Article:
Smart meters: Powering a Rs 65,000 crore opportunity
Smart meters present a highly viable solution for India’s discoms, which are faced with humungous losses and ever-rising debts. With the government giving a strong push to a nationwide programme for installing 250 million smart meters, industry has a major business opportunity. However, interoperability issues with traditional metering, billing and collection (MBC) systems need to be sorted out.
Smart electricity meters are a convenient option over conventional electric meters installed at our homes. These meters have the provision of a two-way communication with the central system. They report energy consumption regularly at short intervals, and also provide information on voltage levels, current and power factor. They can help increase billing efficiency, enable remote billing, automatic outage reporting, ensure flexibility with time-of-use tariffs, and enhance possibilities of adding new revenue streams.
Globally, utilities are expected to invest US$ 378 billion in smart grid technologies by 2030. Focusing on regions, the smart meter market with highest rate of growth is Asia Pacific, which is home to 60% of the global population. With the increase in demand for electricity, there has been been a shift from conventional meters to smart meters to save electricity and maintain transparency between suppliers and buyers. Also, concerns of increasing energy consumption has made the adoption of these meters more pronounced. Some of the major players in the smart meter market across the globe are Wasion Group (China), Sensus (Xylem, US), Siemens (Germany), Landis+Gyr (Switzerland), Itron (US) and Badger Meter (US).
In India, the market for smart metering is expected to be US$ 19.98 billion in 2020. According to 2018-19 estimates, the per capita consumption of electricity in India is 1,181 kWh. Also, total production of electricity in the country stood at 1,371,817 Gwh in 2018-19. In comparison to the approximately 270 million traditional meters, India has only 3 million smart meters operational currently. On the other hand, the penetration is much higher for markets such as US (65-75%), China (40-55%) and France (60-70%). The main reason for this is the financial distress of discoms.
India is expected to be an emerging market for smart meters. Under the Smart Meter National Programme, the government has aimed to replace the 25 crore conventional meters with smart meters. By providing real-time data to discoms, the smart metering system would help in spotting any theft or loss. It has been reported that most of the state discoms lose approximately 25% of the electricity supplied as a result of theft, inadequate distribution infrastructure, poor billing or defaults in bill payments.
According to data revealed by Energy Efficiency Services Ltd (EESL), smart metering infrastructure has been 95% more efficient in billing in Q1 2020, which generated over 15-20% per meter as additional revenue. As per EESL, this would equal to Rs. 100,000 crore of additional revenue annually from unbilled electricity.
Also, amid the pandemic, smart meters have provided an added convenience of remotely conducting meter readings, generation of bills and connection/disconnection. However, there can be issue of security with concerns of privacy breach and cyber-attacks. Recently, EESL cancelled a deal with PT Hexing, a Chinese company, because it failed to meet the requirement of producing these meters in India. The smart meter gathers information on real time energy usage and imported meters may run the risk of carrying malware.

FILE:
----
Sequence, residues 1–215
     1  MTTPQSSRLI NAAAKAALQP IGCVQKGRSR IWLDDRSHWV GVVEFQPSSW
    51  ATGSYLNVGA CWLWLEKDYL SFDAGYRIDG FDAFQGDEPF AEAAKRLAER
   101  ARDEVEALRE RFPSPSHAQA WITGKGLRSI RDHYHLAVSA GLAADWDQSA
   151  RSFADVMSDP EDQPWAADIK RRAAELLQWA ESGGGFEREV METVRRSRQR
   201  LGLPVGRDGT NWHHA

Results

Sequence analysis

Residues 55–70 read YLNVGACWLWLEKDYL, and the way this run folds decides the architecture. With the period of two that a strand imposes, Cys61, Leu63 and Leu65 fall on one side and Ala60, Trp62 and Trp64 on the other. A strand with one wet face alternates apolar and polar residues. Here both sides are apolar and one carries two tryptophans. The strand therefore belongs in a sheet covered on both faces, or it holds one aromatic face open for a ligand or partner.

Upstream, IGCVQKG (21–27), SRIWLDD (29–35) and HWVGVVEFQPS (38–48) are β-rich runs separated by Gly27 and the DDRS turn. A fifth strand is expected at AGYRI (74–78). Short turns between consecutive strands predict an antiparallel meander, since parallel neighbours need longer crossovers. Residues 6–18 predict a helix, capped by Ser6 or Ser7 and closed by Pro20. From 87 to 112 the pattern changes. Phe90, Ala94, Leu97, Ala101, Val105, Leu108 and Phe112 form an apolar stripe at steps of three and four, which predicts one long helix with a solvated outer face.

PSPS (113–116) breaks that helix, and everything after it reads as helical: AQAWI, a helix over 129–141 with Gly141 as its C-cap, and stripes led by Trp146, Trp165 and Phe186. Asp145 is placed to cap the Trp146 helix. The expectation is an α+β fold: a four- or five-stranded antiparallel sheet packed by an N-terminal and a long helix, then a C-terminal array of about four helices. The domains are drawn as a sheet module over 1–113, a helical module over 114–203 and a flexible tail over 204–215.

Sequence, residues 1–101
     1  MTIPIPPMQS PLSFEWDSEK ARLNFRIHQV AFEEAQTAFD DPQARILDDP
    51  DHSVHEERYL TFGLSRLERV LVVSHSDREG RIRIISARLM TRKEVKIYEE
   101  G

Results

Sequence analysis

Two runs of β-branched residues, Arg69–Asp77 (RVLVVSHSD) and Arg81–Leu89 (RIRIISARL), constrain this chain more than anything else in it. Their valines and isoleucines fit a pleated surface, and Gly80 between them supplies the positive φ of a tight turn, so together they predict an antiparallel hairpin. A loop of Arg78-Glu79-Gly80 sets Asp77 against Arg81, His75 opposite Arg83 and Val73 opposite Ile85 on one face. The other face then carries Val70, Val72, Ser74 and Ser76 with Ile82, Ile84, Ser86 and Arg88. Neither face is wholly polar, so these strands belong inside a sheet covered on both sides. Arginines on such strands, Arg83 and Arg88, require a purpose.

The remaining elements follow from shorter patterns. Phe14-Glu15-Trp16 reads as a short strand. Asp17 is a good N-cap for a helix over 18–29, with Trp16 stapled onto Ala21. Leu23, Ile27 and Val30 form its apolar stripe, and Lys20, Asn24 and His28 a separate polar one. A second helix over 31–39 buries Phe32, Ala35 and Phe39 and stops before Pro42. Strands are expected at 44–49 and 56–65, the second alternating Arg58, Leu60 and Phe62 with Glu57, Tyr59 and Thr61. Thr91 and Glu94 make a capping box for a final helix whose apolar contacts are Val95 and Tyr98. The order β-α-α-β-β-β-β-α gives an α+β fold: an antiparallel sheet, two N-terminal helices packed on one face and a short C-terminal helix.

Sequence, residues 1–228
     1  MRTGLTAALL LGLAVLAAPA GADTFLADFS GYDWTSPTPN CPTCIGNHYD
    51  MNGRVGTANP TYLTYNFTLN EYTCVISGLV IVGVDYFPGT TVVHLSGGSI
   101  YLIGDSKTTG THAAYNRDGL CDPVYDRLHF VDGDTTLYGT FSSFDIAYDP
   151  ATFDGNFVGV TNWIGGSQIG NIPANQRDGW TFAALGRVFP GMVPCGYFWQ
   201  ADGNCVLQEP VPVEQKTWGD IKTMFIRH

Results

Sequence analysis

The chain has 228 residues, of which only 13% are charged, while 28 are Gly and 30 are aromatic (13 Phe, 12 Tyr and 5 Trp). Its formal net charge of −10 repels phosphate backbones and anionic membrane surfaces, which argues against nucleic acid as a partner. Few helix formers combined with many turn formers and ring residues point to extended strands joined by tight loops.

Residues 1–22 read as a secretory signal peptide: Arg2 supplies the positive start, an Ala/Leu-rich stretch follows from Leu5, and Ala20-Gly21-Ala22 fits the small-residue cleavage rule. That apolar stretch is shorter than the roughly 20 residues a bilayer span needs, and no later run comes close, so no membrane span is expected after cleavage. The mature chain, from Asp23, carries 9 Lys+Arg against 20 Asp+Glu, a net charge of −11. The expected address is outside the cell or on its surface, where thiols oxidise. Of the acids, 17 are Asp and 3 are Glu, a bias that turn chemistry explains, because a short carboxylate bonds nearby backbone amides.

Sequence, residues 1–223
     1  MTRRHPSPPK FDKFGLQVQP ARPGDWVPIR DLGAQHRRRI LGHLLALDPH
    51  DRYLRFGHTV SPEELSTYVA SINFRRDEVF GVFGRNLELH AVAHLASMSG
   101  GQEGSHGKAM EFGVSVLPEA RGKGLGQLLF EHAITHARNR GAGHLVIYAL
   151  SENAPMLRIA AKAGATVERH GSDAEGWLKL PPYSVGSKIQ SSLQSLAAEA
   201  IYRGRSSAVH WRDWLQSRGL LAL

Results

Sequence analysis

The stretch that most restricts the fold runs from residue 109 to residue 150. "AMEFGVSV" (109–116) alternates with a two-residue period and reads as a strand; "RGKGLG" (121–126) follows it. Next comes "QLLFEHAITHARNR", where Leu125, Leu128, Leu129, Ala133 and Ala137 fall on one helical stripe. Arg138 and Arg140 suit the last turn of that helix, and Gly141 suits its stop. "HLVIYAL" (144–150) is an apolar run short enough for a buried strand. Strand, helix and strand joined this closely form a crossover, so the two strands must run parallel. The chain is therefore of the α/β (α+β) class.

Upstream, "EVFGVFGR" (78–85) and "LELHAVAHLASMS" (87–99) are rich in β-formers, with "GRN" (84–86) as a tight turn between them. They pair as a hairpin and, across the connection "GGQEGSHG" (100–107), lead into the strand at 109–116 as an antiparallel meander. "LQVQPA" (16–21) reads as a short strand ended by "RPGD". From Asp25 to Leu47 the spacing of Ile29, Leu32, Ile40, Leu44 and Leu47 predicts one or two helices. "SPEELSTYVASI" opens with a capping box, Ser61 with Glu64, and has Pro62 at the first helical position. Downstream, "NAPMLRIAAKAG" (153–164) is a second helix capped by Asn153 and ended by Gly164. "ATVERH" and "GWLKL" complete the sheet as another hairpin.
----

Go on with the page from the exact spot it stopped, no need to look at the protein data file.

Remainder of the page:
Currently, India can produce a smart meter at a cost of Rs. 6,000-7,000. This implies that the cost of replacing all the conventional meter would approximate to Rs. 180,000 crore. However, with government steps to maintain prices and boost manufacturing in the domestic market, the cost of smart meters can be brought down to Rs. 2,000-4,000 effectively, while also keeping quality at par with Chinese imports. This would bring down the cost to around Rs 65,000 crore.
Smart meters cost around 3 times more as compared to conventional meters, but this can be recovered in a six-and-a-half year time frame. Rental models can be also used to bring down costs for discoms, as is the case in other markets. One major challenge to this is upgrading of traditional metering, billing and collection (MBC) systems, since they face interoperability challenges with smart meters.
The government has set a target of 250 million smart meters over the next few years. The proposed Rs 3.5 trillion ‘Reforms Linked Result Based Scheme for Distribution’ is aimed at completing the compulsory smart metering ecosystem across all distribution points. They are expected to help debt-laden electricity distribution companies by raising annual revenues to Rs 1.38 trillion. Even Reliance is planning to enter in the smart electricity meter market in India through Narrow Band-Internet of Things. It has been argued by the parliamentary standing committee that there is need to establish a manufacturing base of smart meters in India. This would ensure wider industry participation as well as adequate supply. Given the inevitability of the technology and current penetration levels, it definitely presents a major opportunity for industry in the coming years.